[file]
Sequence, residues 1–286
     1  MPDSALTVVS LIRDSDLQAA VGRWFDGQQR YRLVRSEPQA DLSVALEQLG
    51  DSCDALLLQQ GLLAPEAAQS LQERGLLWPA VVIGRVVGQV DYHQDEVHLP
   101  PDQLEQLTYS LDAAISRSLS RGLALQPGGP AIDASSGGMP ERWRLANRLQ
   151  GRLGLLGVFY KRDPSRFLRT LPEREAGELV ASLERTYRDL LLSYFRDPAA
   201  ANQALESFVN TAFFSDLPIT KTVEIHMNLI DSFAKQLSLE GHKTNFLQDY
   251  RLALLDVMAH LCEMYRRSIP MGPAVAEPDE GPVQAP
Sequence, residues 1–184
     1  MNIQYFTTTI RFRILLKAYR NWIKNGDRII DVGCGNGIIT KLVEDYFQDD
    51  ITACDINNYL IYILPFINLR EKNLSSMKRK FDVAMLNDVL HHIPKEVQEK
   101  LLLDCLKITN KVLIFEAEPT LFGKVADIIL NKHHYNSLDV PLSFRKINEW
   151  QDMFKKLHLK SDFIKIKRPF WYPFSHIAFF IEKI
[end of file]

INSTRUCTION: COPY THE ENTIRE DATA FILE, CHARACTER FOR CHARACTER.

Sequence, residues 1–286
     1  MPDSALTVVS LIRDSDLQAA VGRWFDGQQR YRLVRSEPQA DLSVALEQLG
    51  DSCDALLLQQ GLLAPEAAQS LQERGLLWPA VVIGRVVGQV DYHQDEVHLP
   101  PDQLEQLTYS LDAAISRSLS RGLALQPGGP AIDASSGGMP ERWRLANRLQ
   151  GRLGLLGVFY KRDPSRFLRT LPEREAGELV ASLERTYRDL LLSYFRDPAA
   201  ANQALESFVN TAFFSDLPIT KTVEIHMNLI DSFAKQLSLE GHKTNFLQDY
   251  RLALLDVMAH LCEMYRRSIP MGPAVAEPDE GPVQAP
Sequence, residues 1–184
     1  MNIQYFTTTI RFRILLKAYR NWIKNGDRII DVGCGNGIIT KLVEDYFQDD
    51  ITACDINNYL IYILPFINLR EKNLSSMKRK FDVAMLNDVL HHIPKEVQEK
   101  LLLDCLKITN KVLIFEAEPT LFGKVADIIL NKHHYNSLDV PLSFRKINEW
   151  QDMFKKLHLK SDFIKIKRPF WYPFSHIAFF IEKI